Recently on Writer’s Round-About I talked about inner demons. Those nasty creatures that sit on our shoulder snarling negative propaganda about us and our writing. Well, they certainly sit on my shoulder but I’m sure there is a little demon with varied degree of power for each of us. Who is your little demon? Do you have just one or many?
If it is true that the audience members applaud as a maestro takes the stage, or when an actor emerges from the wings, because they wish to rid the venue from spirits and demons, then please make sure that you never enter your writing space while clapping. In fiction writing, it may be best to have as many specters and demons perched in the rafters as possible.
What do you think George meant?
How Can Our Demons Help Us?
Demons, inner or otherwise, gain power through fear and intimidation. Their ability to scare creates emotional and sometimes physical reactions. Sometimes, fear hinders us, freezing us in place, but fear is also a natural and positive response.
Fear can cause an adrenaline release. Adrenaline lets us move faster, think faster, act faster. It speeds our responses, heightens our senses, and energizes our endorphins. By embracing the fear these demons create we can bring emotion onto the page and we are more likely to feel the emotion coming off the page as we write. It helps us develop the right tone and depth and gives us a positive boost in motivation and momentum.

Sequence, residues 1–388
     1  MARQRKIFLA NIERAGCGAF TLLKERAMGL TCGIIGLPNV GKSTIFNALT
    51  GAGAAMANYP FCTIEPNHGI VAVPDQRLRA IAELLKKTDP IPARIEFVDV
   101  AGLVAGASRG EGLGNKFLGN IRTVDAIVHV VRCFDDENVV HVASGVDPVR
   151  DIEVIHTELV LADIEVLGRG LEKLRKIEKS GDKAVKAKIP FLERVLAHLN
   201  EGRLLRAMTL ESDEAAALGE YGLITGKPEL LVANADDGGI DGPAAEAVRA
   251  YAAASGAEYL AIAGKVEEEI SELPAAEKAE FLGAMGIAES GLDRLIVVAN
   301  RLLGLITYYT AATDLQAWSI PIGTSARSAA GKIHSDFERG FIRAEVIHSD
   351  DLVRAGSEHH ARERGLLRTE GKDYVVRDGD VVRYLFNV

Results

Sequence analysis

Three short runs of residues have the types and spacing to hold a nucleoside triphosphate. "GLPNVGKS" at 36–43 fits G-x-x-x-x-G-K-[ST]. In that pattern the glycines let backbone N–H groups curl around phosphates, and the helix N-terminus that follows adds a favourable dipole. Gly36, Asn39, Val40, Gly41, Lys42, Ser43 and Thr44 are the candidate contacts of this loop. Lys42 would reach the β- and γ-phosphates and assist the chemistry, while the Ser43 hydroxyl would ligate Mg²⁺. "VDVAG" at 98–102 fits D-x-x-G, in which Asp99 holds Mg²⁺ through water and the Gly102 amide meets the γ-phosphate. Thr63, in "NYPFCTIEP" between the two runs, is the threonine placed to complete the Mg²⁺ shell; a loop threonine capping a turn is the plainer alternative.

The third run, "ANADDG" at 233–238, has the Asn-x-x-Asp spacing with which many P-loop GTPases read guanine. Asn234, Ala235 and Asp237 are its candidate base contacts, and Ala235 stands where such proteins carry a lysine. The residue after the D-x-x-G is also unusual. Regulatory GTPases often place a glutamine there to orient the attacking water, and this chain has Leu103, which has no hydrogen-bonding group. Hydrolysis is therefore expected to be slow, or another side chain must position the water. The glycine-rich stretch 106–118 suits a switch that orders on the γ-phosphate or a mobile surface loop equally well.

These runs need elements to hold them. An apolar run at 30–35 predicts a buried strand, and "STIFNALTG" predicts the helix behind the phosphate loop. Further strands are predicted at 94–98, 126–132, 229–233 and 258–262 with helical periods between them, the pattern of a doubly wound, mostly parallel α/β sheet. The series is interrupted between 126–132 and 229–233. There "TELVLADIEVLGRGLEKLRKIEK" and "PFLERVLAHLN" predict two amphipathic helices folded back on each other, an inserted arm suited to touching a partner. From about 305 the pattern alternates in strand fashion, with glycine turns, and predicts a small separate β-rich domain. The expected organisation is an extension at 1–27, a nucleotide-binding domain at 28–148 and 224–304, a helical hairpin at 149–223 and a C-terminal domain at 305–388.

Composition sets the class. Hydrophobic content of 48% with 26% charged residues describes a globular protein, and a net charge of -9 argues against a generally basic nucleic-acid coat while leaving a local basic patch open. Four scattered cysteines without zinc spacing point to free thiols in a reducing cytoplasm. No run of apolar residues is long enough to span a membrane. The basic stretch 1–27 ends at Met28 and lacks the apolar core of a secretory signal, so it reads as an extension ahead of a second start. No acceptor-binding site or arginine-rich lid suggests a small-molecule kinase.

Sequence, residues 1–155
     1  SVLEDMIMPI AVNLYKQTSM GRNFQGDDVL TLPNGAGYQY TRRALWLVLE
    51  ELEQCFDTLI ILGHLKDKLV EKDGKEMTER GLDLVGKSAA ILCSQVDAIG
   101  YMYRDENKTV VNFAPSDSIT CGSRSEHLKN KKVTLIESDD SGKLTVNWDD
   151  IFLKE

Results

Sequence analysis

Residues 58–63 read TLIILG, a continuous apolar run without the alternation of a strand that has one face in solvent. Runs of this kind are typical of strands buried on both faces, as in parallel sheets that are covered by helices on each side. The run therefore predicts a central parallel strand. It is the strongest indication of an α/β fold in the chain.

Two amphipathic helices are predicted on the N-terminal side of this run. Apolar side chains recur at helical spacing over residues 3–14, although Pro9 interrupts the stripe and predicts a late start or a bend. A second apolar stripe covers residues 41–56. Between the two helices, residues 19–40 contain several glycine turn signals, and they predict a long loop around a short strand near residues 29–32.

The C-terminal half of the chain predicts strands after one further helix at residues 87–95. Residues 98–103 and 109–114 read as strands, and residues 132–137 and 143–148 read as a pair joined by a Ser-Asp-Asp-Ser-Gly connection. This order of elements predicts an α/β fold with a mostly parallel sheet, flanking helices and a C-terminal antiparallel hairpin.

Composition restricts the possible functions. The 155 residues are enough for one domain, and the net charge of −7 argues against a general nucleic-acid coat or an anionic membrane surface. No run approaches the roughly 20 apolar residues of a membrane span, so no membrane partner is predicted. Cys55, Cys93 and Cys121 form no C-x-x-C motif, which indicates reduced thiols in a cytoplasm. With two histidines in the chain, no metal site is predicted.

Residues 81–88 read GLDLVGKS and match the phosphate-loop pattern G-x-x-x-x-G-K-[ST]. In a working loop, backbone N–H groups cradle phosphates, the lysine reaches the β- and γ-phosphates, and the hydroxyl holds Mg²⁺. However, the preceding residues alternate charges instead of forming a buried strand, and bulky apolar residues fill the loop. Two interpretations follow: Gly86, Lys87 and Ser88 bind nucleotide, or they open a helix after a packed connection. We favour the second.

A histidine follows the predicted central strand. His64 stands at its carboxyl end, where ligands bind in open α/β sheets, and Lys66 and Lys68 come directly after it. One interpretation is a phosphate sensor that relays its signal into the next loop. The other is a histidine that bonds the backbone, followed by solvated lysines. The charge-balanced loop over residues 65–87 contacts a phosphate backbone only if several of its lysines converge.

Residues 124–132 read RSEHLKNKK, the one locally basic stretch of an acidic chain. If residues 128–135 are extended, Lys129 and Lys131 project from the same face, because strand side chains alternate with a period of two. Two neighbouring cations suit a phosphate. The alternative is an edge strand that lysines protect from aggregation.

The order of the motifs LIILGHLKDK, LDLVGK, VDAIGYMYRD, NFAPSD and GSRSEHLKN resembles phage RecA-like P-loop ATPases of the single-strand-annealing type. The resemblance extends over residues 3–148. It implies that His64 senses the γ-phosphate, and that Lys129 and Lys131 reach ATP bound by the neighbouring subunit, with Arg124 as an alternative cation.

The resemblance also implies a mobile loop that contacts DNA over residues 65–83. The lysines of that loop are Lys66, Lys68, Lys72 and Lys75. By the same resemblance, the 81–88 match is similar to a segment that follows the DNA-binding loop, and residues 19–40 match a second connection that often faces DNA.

Our demons also force us to be cautious. To examine options, evaluate choices. While this may be more hindrance than help in the first stages of writing, welcoming our demons in the editing stage is a must. It is their voice that helps us meticulously comb our manuscript for errors and inconsistencies.
Other Demons To Consider
Our inner demons are not the only ones who play a role in our writing. These demons are a creation of the mind. They are our brains way of compartmentalizing our fears and insecurities. Our ability to create inner demons is a sign of fertile imagination and creativity. These demons are not the only ones who accompany us during the writing process.
Your protagonists must have demons of their own. They can be real or imagined, inner demons, or physical demons. Readers tend to associate best with well-rounded, balanced, characters. Characters need to have flaws and weaknesses. They need to have room to grow. It is normal for characters to face fears of their own.
More literally they also have the demonic aspects of their mirror, the antagonist. The antagonist has demons also, and can be the dark element of the story, a demon in his own right.